Liverpool Town Hall

Liverpool Town Hall

Liverpool Town Hall

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Liverpool Town Hall

Liverpool Town Hall, one of the oldest buildings in the city, is normally open to the public for a couple of weeks each year. In 2017 that was during the last two weeks of August. Dates for 2018 will be posted when known.

History

The first Liverpool Town hall was presented to the town in 1515, being little more than an elaborate barn, but it served its purpose for more than 150 years. By the end of the 17th century Liverpool was a much more important place, gaining much of its wealth from the slave trade, and a more substantial building was constructed. However, this had faulty foundations and in 1748 John Woods, an architect from Bath, was commissioned to build Town Hall III and it opened in 1754.

But this was to have the shortest lifespan of them all, as in 1795 a fire broke out and as it was at the time of a severe winter sufficient water couldn’t be brought to the building and the interior was totally destroyed. However, the town now saw itself as of such importance that money was found to commission another architect, this time James Wyatt from London, to completely remodel the inside of the building. The work was completed by 1810, to a design which is basically the Town Hall of today. It underwent an expansion in 1820 when the dome, the large ballroom and the Council Chamber were added.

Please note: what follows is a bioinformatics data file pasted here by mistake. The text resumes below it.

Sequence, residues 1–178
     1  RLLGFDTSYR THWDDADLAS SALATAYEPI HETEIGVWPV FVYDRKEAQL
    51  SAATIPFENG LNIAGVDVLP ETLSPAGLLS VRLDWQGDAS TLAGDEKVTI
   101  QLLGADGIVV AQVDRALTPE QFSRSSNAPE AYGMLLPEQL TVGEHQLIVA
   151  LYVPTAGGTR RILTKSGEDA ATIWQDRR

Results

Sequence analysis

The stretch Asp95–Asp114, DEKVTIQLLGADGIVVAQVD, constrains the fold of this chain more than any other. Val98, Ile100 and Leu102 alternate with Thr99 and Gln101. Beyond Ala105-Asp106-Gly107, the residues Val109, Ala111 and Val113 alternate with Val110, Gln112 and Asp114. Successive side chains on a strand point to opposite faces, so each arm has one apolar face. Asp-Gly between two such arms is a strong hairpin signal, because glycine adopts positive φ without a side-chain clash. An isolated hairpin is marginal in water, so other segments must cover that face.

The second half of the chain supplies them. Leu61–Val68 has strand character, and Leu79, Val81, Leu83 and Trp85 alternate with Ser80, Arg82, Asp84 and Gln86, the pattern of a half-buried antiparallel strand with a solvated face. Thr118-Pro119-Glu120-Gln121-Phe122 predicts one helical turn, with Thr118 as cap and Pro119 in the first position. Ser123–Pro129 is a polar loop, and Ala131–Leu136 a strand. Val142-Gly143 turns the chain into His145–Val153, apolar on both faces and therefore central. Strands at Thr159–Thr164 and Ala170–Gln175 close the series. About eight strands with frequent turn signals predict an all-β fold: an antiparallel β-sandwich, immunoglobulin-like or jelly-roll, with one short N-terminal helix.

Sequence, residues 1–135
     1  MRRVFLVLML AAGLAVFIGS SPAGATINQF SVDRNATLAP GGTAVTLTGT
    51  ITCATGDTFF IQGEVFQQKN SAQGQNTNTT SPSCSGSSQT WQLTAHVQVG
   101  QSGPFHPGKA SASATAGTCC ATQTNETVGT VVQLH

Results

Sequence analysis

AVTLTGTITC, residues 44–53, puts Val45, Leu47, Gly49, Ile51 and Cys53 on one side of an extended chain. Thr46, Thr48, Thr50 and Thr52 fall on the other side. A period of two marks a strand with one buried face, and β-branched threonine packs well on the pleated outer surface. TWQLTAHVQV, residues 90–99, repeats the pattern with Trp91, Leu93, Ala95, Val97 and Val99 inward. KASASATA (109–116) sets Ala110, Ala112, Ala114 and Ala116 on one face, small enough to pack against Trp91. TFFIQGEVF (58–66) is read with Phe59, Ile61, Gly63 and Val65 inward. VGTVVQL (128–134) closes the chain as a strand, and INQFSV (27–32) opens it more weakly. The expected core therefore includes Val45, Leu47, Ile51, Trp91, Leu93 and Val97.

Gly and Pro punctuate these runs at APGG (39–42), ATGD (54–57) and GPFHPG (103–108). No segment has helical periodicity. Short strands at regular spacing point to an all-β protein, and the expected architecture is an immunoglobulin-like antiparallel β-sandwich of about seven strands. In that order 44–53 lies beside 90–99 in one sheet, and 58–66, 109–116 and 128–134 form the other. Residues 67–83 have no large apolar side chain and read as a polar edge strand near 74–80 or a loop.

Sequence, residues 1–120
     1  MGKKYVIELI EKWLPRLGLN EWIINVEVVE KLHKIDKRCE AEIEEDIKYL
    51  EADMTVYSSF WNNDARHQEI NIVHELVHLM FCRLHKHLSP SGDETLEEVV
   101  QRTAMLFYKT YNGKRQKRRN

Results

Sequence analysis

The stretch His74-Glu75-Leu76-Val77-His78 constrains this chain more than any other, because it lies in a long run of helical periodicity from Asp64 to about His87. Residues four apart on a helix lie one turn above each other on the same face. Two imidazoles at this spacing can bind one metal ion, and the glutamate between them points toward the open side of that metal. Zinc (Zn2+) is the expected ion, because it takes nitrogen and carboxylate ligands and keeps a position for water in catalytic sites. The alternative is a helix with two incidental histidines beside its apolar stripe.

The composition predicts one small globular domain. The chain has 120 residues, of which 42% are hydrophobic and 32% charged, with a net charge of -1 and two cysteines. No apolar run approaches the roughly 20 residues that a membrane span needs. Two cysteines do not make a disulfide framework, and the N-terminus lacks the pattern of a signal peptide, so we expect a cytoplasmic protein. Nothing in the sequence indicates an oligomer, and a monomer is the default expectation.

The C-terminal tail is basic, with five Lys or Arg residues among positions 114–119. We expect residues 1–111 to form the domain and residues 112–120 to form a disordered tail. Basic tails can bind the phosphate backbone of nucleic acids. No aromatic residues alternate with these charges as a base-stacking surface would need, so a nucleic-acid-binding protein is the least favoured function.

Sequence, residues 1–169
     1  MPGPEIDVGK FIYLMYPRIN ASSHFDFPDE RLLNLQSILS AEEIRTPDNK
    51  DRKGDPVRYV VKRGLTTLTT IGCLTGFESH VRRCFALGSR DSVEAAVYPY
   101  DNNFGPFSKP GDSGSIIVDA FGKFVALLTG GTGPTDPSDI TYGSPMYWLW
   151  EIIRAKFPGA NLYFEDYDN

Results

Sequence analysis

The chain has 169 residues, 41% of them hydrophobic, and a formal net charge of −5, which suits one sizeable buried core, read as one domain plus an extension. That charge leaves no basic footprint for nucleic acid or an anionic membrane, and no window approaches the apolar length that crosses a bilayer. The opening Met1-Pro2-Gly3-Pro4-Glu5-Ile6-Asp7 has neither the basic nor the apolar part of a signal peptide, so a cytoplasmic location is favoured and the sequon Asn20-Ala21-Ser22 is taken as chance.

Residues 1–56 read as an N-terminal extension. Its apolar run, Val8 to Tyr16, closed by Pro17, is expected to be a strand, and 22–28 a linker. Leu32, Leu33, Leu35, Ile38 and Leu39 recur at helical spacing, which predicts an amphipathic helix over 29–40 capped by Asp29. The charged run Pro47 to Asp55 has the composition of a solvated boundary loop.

Interior

Entrance Lobby

Starting at the main entrance. The tiles on the floor of the entrance lobby are the same as those in St George’s Hall, that is encaustic (the inlaying of coloured clay before baking) Minton tiles. Some of the tiles are starting to show signs of wear (and the reason why the tiled floor in St George’s Hall spends most of its time hidden under a protective wooden floor). The Coat of Arms is still in good condition as very often a table sits on top of it to prevent people walking across the design. Here you’ll also find an image of the famous Liver Bird.

Liver Bird

Liver Bird

The fireplace is Flemish and was a gift to the city in 1893. On either side of the fireplace are Bardic chairs from the Eisteddford which used to be held in David Lewis Hotel and Theatre (located close to the Anglican Cathedral before being demolished in 1980) before the WWI. Also in the lobby is the doorman’s chair. There used to be two of them but one was stolen. Underneath the seat the chair is lead lined and hot coals could be placed there to keep the doorman warm. The present seat was refurbished in 1990.

The brass panels around the entrance hall list the names of the people who have been granted the Freedom of the City. The Beatles are listed to the right of the doorway to the stairs.

The lunettes (semi-circular panels) were painted by a local artist, JH Amschewitz and were completed in 1909, as part of the celebrations of the granting of Liverpool’s Charter by King John in 1207 – the event being depicted in the panel on the left. The other panels use the allegory of a woman as representing Liverpool and those aspects which made Liverpool the rich city it was through trade and commerce (but no reference to slavery) such as the ships, a spinning wheel, a cog (a symbol of industry) and exotic fruits. People from different ethnic backgrounds are in the panel over the fireplace.

The Stairway

Through the doors and in a cabinet to the left is one of the finest collections of silverware in the country, including the Civic Regalia. (There’s should be more in the vaults but that’s not certain in times of austerity as selling off of the family silver